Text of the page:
This week, Nova Scotia’s new guidelines for specific groups of travellers entering the province come into effect.
Starting Monday, Mar. 1, the following groups must take multiple COVID-19 tests:
- All rotational workers must take three COVID-19 tests during their 14-day mandatory self-isolation
- Specialized workers will take up to three tests depending on how long they’re staying in Nova Scotia
- Parents and children (age 4 and older) whose child custody visits involve travel outside of Nova Scotia or Prince Edward Island must take three COVID-19 tests
“This is not in response to the immediate events, but certainly we’ve been working on this for the last few weeks in response to the need to make sure we have strong measures at our border because of the variants,” Dr. Robert Strang, Nova Scotia’s chief medical officer of health, said at Friday’s COVID-19 briefing. “We’re placing additional testing on groups who regularly travel into Nova Scotia.”
Strang also said Nova Scotia Public Health is working on bringing additional testing requirements for other groups of people who travel and are exempted from the 14-day mandatory quarantine.
Child Custody COVID-19 Protocols
New protocols are beginning for people travelling for child custody reasons, including dropping off, picking up and visiting.
People travelling for child custody reasons must complete a Nova Scotia Safe Check-in Form before travelling to Nova Scotia. They also may need to self-isolate.
The COVID-19 Protocol for Child Custody outlines the various requirements parents and children must follow depending on their situation.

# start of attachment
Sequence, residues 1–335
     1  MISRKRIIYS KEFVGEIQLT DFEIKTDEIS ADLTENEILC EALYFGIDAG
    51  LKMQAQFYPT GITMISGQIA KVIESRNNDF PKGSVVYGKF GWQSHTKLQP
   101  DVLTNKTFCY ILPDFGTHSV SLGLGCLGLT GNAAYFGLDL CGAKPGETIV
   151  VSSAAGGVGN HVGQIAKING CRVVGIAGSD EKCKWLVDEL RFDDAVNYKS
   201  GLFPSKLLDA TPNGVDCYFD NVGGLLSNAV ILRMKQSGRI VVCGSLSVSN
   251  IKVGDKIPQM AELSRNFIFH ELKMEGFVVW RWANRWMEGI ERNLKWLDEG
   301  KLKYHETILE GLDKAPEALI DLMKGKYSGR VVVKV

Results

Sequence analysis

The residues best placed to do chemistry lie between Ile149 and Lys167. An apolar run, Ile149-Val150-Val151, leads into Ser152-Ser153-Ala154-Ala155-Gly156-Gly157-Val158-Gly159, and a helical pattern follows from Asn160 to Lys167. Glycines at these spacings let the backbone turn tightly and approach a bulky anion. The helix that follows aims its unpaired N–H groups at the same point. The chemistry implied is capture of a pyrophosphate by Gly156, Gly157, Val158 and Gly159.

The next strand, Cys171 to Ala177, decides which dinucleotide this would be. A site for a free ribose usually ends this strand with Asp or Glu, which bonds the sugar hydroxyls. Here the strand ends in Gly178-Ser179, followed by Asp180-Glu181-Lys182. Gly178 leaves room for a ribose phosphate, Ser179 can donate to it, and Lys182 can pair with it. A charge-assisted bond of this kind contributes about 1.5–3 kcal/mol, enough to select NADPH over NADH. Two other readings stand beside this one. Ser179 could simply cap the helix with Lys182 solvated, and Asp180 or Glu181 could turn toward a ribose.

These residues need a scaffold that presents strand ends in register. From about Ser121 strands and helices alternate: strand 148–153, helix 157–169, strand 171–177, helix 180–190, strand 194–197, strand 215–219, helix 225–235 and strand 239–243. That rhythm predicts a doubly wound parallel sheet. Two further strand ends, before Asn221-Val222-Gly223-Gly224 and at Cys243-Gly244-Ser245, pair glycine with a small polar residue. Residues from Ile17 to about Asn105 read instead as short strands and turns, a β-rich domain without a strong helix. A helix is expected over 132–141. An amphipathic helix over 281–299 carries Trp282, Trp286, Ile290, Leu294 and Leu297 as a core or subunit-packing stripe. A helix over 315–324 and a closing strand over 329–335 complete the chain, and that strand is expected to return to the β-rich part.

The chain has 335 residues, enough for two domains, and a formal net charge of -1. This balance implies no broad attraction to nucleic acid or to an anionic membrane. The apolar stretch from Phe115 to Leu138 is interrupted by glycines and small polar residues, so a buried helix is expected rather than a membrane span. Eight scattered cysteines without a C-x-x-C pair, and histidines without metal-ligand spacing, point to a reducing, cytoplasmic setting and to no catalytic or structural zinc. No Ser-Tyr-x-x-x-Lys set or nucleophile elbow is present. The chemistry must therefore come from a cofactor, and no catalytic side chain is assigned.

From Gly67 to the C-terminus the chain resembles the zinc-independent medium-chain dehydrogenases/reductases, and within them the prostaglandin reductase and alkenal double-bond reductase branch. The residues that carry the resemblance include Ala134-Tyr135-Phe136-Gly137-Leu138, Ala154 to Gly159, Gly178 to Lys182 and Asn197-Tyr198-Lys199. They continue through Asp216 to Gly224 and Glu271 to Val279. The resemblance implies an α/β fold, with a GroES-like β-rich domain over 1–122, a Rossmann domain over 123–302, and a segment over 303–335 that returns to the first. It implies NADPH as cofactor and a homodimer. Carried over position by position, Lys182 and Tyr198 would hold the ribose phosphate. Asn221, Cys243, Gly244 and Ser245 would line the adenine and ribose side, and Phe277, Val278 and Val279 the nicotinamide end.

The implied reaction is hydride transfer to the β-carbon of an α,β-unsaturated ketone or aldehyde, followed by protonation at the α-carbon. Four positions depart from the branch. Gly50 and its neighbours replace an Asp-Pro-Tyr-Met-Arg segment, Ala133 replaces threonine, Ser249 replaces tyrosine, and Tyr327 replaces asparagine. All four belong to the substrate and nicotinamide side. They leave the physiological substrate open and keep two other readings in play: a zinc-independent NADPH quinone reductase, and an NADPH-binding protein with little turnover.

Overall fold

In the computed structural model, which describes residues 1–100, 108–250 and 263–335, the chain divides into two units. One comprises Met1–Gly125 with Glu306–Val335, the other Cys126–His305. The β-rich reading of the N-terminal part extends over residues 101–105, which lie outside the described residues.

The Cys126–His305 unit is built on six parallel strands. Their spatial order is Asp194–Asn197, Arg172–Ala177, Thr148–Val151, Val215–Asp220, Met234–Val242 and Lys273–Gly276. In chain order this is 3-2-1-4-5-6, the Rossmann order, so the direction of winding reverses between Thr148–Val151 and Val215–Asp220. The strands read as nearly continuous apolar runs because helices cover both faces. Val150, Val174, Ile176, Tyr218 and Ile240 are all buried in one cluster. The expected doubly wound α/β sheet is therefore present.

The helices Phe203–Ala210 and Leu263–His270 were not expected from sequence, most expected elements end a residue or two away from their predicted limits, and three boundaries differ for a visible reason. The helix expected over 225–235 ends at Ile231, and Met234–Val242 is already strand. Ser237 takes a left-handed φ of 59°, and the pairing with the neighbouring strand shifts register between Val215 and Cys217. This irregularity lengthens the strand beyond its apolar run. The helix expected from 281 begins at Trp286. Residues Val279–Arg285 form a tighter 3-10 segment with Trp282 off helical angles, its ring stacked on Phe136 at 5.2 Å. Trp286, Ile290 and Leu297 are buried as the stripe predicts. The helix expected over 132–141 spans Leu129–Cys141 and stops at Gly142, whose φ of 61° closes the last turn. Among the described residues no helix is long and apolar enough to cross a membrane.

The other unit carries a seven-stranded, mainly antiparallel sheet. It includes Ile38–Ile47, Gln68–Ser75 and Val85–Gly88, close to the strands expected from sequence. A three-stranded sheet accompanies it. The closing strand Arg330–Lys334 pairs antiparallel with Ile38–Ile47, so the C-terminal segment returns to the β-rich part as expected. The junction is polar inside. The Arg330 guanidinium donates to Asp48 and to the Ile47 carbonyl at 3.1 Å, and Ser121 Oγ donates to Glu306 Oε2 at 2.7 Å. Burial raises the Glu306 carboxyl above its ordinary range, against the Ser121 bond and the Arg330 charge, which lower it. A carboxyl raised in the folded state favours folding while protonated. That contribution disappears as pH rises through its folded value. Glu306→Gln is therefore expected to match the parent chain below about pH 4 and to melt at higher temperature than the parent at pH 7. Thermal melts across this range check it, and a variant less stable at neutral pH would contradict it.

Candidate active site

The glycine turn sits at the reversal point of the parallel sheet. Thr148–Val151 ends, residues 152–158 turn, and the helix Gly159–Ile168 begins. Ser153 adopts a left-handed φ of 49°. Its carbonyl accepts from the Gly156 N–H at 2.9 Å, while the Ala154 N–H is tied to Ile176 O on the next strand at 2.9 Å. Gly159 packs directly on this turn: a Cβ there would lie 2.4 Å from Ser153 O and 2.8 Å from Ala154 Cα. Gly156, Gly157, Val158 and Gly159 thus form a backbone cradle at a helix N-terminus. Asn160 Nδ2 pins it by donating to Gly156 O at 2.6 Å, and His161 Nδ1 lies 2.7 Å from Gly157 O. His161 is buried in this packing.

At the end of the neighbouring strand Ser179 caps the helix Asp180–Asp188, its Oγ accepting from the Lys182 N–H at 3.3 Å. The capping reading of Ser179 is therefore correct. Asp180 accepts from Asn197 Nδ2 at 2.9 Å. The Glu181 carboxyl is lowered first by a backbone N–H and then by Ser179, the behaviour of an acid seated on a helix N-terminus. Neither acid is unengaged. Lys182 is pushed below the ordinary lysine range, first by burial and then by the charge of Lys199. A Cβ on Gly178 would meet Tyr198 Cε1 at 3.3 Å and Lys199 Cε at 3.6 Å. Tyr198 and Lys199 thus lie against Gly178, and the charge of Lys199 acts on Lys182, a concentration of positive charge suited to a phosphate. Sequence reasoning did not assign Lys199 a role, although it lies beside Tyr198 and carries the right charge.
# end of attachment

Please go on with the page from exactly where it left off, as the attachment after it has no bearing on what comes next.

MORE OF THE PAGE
Some situations are more lenient.
For instance, parents who travel to Nova Scotia to drop off or pick up a child and leave the province within 24 hours do not have to self-isolate or get tested.
Visitations have more specific rules.
Parents and children entering Nova Scotia from outside Prince Edward Island or a non-routine visit from New Brunswick must complete a daily Nova Scotia Safe Check-in and a modified self-isolation period.
The modified self-isolation period allows the visitors to interact with the people who live in the household they’re visiting, spend time outdoors on their property, go for a drive and even visit an outdoor space — such as a park or beach — as long as they wear a mask and practice physical distancing when encountering people from outside their household.
However, the parent or child who lives in Nova Scotia and receives the visitor does not have to self-isolate as long as they don’t have any symptoms.
“As long as they have no symptoms, the Nova Scotia parent or child is free to carry on their regular routines,” the protocol said.
Those who have routine visits between Nova Scotia and New Brunswick — such as visits every weekend or every second week — can be exempt from the mandatory 14-day self-isolation period if they meet a list of conditions:
- Travel directly as possible to the place they’re staying using contactless services for any stops
- Isolating in their overnight accommodations if staying overnight or longer
- Wearing a non-medical mask in any indoor public space other than their overnight accommodation
- Parents do not have contact with anyone except their child(ren) but children can continue to attend school, child care or extracurricular activities
- Closely monitoring health and checking for symptoms